In the world of online audience measurement there is a camp that favors panel-based measurement and a camp that favors data collected from a Web site’s server. ComScore, which has long been in the panel-based measurement business, placed a stake in the middle with a new offering.
The new service called Media Metrix 360, will be implemented in the U.S. and Canada in July and the first data will become available in August. Under the service, comScore will maintain a panel of over two million users worldwide, but add Web site server metrics. The addition of the data, which will come from the publisher’s servers, will allow comScore to account for 100 percent of a Web site’s audience, according to a statement from comScore.
Typically, advertisers and publishers have disputed Web site audience numbers. Publishers have contended the actual size of their audiences are higher than reported by comScore because comScore reports on its panel traffic and does not account for Internet users outside the comScore panel. Additionally, advertisers have questioned discrepancies between the publisher-reported numbers and the comScore reported numbers, which often differ wildly. The difference in the reported numbers can often make it challenging for publishers to sell ad inventory, particularly at the fees they are demanding.
In order for comScore to track server-side data, publishers will be required to place a beacon, which is a line of embedded code similar to a tracking pixel. ComScore said it is working with Akamai so that it can handle a large volume of beacon requests, even up to billions of requests, if necessary, according to comScore CMO Linda Abraham.
If a Web site chooses not to deploy beacons, it will simply get panel readings.
According to Abraham, one issue with panel-based data is an inability to capture the Web site usage of people who do not participate in the panel. That includes people who share computers in cybercafes or work at companies that do not permit Internet users to participate in panels.
Concerns over the accuracy of Web measurement agencies, including comScore and Nielsen Online, have been a long-time industry issue that received heightened attention two years ago.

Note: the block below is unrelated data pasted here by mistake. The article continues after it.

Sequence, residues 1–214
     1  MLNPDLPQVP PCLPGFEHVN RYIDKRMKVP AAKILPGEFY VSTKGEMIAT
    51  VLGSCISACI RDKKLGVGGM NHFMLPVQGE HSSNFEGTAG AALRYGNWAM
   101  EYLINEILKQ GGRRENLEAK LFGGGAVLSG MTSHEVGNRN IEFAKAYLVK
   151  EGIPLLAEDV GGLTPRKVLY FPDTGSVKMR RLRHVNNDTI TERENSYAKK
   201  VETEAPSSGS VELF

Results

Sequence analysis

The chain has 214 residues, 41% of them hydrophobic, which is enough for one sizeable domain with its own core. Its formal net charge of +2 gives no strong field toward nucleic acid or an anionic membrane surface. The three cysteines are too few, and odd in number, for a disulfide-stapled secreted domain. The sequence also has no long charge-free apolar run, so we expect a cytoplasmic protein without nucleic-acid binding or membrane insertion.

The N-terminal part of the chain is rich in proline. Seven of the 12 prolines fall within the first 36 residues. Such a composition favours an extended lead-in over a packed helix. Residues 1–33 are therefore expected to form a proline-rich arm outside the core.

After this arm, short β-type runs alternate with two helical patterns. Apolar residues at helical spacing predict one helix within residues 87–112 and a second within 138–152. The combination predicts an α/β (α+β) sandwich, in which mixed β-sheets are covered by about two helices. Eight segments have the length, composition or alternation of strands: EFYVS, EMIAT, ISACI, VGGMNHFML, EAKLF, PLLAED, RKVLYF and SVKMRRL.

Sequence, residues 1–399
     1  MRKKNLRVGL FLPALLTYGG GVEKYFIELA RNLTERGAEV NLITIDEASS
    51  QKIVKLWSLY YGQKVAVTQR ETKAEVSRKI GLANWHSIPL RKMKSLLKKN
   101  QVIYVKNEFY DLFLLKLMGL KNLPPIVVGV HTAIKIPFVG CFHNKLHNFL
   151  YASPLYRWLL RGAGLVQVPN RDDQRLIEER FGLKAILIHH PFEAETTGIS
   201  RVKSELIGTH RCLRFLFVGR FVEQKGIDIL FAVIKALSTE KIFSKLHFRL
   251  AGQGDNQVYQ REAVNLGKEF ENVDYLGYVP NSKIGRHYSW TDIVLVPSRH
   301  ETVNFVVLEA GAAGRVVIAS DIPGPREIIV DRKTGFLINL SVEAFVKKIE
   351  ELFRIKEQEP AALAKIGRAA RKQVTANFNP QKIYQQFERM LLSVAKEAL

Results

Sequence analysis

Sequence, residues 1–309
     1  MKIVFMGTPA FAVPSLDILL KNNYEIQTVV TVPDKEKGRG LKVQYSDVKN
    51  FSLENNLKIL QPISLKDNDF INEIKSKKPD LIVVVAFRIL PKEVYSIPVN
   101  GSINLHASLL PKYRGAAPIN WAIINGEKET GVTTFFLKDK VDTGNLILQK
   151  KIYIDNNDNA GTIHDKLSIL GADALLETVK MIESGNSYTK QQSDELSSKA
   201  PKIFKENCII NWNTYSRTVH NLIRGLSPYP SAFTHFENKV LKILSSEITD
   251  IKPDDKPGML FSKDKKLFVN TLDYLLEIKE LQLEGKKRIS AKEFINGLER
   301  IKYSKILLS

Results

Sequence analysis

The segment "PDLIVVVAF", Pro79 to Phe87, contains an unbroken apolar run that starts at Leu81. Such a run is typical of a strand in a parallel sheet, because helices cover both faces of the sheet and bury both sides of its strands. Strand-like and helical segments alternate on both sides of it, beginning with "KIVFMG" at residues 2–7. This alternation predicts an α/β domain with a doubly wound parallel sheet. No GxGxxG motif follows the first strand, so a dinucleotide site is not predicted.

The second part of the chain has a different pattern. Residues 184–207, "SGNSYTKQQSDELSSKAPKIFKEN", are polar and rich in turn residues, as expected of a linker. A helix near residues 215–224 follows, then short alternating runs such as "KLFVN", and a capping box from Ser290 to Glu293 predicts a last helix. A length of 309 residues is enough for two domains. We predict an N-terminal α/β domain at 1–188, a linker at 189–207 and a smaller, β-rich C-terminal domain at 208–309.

While Abraham said comScore worked with the Interactive Advertising Bureau and Media Research Center to develop Media Metrix 360 and other initiatives in audience measurement, she said the offering is a result of the Web’s evolution. “The genesis of it had to do with the increased fragmentation of the Web, things like video, niche Web sites, cookie deletion,” she said. As a result, she said, it became necessary to refine the audience measurement service.
With the advanced reporting, comScore will also open its audience to a so-called universe report. This report includes Internet usage for mobile devices and computers outside of the home including workplaces, cafes, schools, libraries, and other public locations. ComScore reports that as much as 10 to 50 percent of traffic has been unaccounted for, depending on the market and country.
ComScore will begin tracking the U.K. in August and publish data in September, and then introduce additional countries in Q4.
They're arguably the most annoying video ad formats in existence, but soon they'll be a thing of the past, at least on YouTube.
On Thursday, Twitter reported its earnings for Q4 2016, and the results have raised questions about the company's long-term future.
From its $1.5 billion air cargo hub to its growing network of contract last-mile delivery drivers, Amazon is increasingly looking like a logistics company; but shipping and logistics giant FedEx isn't sitting idly by.
Havas Group's Meaningful Brands report delivers sobering news for brands: consumers wouldn't care if 74% of the brands they use disappeared off the face of the earth.